You must realize the depth of the destruction—the entire Jewish infrastructure was destroyed, causing a total disconnect between the Jewish people and Judaism. And we’ve had to rebuild everything literally, from scratch, and to win the trust of Russia’s Jews who were very skeptical of us at first. 

But you know, Italy has a very small Jewish population, and it is yet a very strong one, with its Jews deeply connected to Judaism. That’s something I think about when I consider the remote cities and towns in the FSU where there are smaller numbers of Jews. It proves that it is possible to build and sustain strong Jewish communities even there. 

Today’s Russian Jewish baby boomers were raised not only with no religious education, but specifically within an atheistic and anti religious environment. How does that play out in your day-to-day work with them? 

There is a big generation gap in Russia. The middle generation—those in their 40s and 50s who were raised with atheism are hard to reach. And in fact, if you’ve paid attention when you were here, you might have noticed that this age group was almost missing in the shul. 

Elderly Jews are connected because they remember their grandfathers of pre-communist times, who were observant Jews. The young generation is becoming very involved and is growing up with a real sense of identity. But the middle generation—they are the most alienated. 

When we talk about the loss to Judaism that our people suffered under communism, this is what we are talking about. These are the people the Rebbe cried for. Thank God, we are seeing many children who, through the Jewish education and life experience we are now providing, are bringing their parents back to Judaism. But this age group represents a real challenge. It is difficult to draw them back in. The loss here is real. 

What are your long term goals in your position? 

To do more of the above, to give you more to see next time you come. For a Jewish population the size of Moscow’s, for example, seven shuls in the city are simply not enough. There should be at least 50-60 synagogues here. We are slowly working towards that. We are slowly opening more Chabad centers in the city.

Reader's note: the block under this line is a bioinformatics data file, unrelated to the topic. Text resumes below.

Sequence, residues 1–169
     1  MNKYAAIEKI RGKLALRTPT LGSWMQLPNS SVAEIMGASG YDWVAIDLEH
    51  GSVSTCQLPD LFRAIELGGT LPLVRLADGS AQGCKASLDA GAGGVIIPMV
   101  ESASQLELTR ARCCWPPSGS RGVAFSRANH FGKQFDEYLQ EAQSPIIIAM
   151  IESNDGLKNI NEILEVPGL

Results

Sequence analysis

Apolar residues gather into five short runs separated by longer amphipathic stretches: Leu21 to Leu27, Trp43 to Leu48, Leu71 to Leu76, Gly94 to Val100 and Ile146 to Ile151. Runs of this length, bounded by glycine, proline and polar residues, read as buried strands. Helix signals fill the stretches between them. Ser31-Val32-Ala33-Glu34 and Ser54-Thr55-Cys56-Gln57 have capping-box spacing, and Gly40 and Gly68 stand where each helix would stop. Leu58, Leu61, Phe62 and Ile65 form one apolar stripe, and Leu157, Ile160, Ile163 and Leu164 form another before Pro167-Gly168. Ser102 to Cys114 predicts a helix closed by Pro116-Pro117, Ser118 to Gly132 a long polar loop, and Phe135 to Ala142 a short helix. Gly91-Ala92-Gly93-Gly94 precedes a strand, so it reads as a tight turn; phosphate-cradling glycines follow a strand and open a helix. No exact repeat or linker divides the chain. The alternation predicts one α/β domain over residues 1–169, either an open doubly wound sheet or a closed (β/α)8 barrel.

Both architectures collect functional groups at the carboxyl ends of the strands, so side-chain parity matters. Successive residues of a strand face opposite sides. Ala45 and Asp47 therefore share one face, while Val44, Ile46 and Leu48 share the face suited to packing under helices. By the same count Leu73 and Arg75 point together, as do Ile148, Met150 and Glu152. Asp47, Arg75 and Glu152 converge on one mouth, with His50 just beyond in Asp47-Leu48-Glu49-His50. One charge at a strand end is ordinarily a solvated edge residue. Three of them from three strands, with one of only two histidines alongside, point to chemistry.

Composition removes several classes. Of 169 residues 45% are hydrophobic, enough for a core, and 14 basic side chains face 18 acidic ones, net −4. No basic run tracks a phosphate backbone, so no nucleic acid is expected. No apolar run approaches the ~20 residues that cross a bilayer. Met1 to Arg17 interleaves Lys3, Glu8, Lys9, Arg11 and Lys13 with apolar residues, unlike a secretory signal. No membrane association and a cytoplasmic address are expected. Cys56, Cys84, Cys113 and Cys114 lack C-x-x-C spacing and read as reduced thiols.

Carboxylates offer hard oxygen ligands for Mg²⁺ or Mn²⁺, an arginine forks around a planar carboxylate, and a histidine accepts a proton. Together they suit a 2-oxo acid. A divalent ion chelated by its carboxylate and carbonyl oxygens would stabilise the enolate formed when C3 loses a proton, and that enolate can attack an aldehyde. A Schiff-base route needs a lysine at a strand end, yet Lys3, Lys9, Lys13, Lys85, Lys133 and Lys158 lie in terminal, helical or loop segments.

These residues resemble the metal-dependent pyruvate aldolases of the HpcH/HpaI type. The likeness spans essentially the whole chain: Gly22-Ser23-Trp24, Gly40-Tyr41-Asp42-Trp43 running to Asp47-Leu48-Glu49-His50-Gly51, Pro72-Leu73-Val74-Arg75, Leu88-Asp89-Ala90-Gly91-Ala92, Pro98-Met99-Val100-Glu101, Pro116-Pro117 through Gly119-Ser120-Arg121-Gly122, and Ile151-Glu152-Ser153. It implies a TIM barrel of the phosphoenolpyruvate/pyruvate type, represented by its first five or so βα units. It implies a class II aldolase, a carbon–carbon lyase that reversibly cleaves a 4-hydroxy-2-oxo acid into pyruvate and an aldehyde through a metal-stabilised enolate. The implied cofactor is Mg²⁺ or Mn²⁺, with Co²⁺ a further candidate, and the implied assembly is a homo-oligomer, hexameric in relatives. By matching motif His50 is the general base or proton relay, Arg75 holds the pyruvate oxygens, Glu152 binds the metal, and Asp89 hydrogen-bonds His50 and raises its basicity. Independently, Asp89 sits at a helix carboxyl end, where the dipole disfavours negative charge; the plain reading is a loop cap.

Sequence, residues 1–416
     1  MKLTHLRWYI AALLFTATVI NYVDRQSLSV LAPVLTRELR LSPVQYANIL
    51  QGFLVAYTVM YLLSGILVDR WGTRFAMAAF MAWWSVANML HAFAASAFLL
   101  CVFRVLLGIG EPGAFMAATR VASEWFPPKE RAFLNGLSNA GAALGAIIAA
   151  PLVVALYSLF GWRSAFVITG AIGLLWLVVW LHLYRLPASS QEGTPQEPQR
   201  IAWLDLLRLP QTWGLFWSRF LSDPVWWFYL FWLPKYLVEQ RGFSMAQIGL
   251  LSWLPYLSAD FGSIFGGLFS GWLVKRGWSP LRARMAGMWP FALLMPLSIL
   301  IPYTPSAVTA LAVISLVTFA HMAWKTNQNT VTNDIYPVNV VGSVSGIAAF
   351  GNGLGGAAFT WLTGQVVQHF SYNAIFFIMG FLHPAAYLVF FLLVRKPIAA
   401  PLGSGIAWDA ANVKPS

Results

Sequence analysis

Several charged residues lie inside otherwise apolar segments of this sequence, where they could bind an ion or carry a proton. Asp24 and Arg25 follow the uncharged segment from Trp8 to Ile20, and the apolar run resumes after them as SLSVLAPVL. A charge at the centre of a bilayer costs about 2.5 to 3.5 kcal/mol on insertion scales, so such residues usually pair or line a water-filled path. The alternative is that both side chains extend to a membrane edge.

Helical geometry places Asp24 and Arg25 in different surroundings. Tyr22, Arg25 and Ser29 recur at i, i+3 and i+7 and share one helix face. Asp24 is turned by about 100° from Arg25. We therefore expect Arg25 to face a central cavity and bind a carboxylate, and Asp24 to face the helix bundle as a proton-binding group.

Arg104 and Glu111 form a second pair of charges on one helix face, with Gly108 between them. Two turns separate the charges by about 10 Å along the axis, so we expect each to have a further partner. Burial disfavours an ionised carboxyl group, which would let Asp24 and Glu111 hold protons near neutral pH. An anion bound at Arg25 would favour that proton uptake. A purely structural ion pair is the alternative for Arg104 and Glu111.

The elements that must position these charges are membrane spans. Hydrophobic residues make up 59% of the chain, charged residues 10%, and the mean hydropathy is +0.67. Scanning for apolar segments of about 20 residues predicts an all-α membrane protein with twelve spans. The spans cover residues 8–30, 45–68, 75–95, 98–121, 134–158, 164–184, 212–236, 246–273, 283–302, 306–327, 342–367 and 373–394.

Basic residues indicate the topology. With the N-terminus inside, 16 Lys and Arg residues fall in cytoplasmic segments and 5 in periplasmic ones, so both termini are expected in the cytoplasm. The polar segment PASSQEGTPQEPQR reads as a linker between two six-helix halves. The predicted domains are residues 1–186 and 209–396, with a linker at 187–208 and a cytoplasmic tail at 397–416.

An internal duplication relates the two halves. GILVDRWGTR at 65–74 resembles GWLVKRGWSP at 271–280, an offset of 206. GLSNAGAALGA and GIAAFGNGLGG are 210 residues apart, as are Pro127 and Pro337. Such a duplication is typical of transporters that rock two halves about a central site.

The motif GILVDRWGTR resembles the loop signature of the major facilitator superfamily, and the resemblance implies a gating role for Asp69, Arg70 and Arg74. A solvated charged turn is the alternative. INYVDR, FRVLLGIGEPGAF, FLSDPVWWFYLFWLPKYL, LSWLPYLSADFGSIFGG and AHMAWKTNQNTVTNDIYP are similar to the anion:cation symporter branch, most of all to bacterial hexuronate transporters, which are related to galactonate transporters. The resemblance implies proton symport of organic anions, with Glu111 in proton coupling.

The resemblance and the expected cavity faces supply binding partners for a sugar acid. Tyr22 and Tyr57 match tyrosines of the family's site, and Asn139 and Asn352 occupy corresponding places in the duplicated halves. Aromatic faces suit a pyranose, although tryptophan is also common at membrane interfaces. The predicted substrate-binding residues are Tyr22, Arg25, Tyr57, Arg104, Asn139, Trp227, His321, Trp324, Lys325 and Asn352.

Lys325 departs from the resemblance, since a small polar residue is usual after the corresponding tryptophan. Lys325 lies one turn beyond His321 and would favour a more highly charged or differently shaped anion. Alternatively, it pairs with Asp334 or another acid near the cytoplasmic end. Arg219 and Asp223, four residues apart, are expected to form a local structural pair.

Is the government cooperating with you as they had at first, in terms of giving you land and buildings? 
Everything takes time, and obtaining land permits here is a long process. But as we outgrow our spaces—and we are, the government will cooperate. We were ridiculed us when we built the JCC in Moscow for its sheer size. Now it fills up beyond capacity. So I’m optimistic. 

Russian Jews of means seem to be extraordinarily generous. That wasn’t so with the first generation of the nouveau riche following the fall of communism. What has changed? 

The idea of sharing did not exist during communism, where the government was supposedly taking care of everyone and everything. So charity giving was completely unfamiliar to them. When they finally had economic freedom and worked hard to make money, they didn’t understand being asked to give—their response was: “We worked hard to make money, let others work hard and do the same.” But when they began to see the change that comes with participation, and the possibilities for a rich communal life, they started giving. 

I think that last year Russian Jews took the lead in philanthropic giving, and showed the world what generous giving really is. 

Most of the Russian billionaires who have funded the Jewish institutions here have lost most of their wealth recently– 

I must say that despite the difficult economy, they are giving much more than anyone expected they would. What’s more, the lower tiers of givers are picking up the slack. You know that they feel responsible when you see that people who don’t have much are giving double what they gave last year, because they know that the major philanthropists can’t maintain the same level of support. That’s what I’m seeing again and again, and it’s quite a statement. 

It means that the average Russian Jew is grateful for what we’ve achieved, and will reach deeper into his own pockets to keep it going. 

What’s your message to world Jewry? 

Take heart and pay attention, and be responsive, not only to the miracles of Jewish life in Russia, but to the Rebbe’s prophetic vision, and to our responsibility to utilize all the opportunities that we have today as Jewish people. 

As an emissary of the Rebbe to Russia, I feel it is my responsibility to promote his lifelong passions: shleimut ha-aretz—the land of Israel, shelimut ha-am—the people of Israel, and the yiddishkeit and wellbeing of Russian Jewry.